This was suggested by one of our other contributors after yet another defeat was snatched from the jaws of victory by an ever more flummoxed [currently] England team. Disappointment is the default mode of most cricket fans, even if you are currently on a high, you just know that sometime, probably soon and certainly well before later, your team is going to disappoint you. You fully understand that a single dropped catch can lead to total meltdown, even within the best teams and before you know it, those celebratory drinks in the pub are more of a wake for what might have been. You have a firm grasp on the laws of
cricket sod, can appreciate every nuance of a bad bowling spell just when you needed your most reliable ball chucker to dig you out of a hole; of a golden duck when a 50 is normally easily knocked off by your No3. Whether it’s a Sunday afternoon knockabout or an International fixture, regardless of whether you are urging on South Africa or the South Ambleside 2nd XI [a club entirely of my own invention for literary purposes] matters not, the safest place to view it all from is the boundary of disappointment.
So why I hear you mumble, through the mouthful of bile you are spitting at the latest defeat, is this possibly a cricket Love? There are two reasons, let me explain…
The first is the more obvious, possibly even clichéd, but no less valid for that – it’s because the disappointment makes the good times feel even better. Take a look at the photo below and witness if you will, the unbridled joy at an unexpected win near the end of a pretty unremarkable, nay, ‘disappointing’ season for Somerset in 2013. It was the end of August and before this LVCC match, they had only 1 championship win to their name before coming to face a Middlesex team that had out performed even the hopes of the most optimistic pundits. The Somerset lot had the best remedy for default disappointment available, whilst the Middlesex lot had that all too familiar bitter taste back in their mouths.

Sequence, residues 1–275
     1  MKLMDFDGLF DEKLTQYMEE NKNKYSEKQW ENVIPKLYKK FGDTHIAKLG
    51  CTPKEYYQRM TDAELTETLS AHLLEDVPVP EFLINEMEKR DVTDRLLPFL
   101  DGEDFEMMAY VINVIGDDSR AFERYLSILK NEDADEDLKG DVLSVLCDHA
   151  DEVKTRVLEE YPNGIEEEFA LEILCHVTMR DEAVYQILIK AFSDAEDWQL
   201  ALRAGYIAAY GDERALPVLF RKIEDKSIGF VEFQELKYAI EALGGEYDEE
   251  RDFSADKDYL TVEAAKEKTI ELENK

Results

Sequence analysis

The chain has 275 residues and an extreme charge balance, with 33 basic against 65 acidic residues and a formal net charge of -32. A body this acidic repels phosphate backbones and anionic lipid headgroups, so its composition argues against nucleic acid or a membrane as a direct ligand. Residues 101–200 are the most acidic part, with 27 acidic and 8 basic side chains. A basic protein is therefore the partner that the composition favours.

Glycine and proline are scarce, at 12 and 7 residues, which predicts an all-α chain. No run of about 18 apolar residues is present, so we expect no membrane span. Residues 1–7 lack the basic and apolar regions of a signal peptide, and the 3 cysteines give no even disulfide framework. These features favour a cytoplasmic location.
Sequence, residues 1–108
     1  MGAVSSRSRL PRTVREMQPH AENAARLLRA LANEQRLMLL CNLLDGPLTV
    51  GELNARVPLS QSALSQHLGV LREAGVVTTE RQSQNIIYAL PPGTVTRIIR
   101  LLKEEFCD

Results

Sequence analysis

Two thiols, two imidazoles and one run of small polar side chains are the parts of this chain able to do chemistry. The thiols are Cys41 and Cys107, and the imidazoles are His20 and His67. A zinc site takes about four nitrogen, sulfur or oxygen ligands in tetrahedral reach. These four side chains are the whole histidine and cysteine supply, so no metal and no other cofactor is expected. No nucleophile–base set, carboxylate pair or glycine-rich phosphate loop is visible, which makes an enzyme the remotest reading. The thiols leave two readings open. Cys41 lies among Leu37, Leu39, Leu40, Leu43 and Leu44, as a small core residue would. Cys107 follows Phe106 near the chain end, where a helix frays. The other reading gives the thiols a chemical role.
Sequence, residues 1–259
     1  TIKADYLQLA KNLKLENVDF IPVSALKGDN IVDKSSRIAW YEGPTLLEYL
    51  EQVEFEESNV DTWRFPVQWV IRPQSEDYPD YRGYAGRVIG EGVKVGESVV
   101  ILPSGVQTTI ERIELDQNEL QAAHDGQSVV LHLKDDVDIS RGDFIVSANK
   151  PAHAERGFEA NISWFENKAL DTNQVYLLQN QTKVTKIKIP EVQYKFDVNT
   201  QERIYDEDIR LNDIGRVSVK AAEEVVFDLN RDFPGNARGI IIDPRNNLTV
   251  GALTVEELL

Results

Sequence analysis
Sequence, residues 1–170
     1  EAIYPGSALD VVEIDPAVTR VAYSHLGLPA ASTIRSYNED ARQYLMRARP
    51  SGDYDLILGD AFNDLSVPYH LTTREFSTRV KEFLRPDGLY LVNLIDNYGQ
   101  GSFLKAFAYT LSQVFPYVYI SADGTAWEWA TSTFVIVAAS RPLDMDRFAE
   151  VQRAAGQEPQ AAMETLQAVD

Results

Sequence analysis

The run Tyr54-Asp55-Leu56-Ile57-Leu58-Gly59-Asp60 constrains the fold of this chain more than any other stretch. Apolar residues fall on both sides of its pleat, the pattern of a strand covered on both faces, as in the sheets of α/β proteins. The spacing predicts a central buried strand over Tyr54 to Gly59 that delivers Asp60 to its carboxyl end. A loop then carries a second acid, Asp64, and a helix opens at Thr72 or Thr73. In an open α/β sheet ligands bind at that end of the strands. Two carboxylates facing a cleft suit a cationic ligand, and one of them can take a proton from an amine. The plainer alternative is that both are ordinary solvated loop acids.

The second reason is slightly more abstract but I defy any fan to argue against it – because secretly, deep down, probably hidden in a dark festering corner, we love it! We revel in cricketing disappointment, it gives us myriad excuses to lay bare the reason for the disappointment, to dissect, to cogitate over, to offer our own opinions on what should have been done, or what shall be done in the future. To demonstrate this, witness if you will the column inches and blog posts given over to ‘analysis’ when disappointment levels ratchet up. Count up the number of articles questioning decisions, actions, outcomes and alternatives. They are many, varied and always far more copious than in victory. Oh, and don’t for one minute think this is merely the media filling space, a few hours on twitter after a win and then a loss will set you right on that score. After a win, people will hang around for a brief while expounding their teams various virtues before heading off to their own lives with a self satisfied smile on their face, disappointment temporarily gone [but never forgotten, that would be just too stupid to contemplate] If a defeat was the outcome, the post-mortems can go on for hour after hour, debates will rage about what went wrong, individual players will be torn apart for the smallest error. Now OK, I am stating this from an ‘English’ perspective and as a nation, we are given to being naturally pessimistic [probably weather related] but from what little I have a seen, I have a sneaky suspicion this is not only an English affliction, I suspect this is a cricket affliction, regardless of the colours you wear on your replica kit. We are all cricket fans, and we all come to the conclusion eventually that disappointment is the optimum mood to adopt, because it’s part of what makes cricket what it is.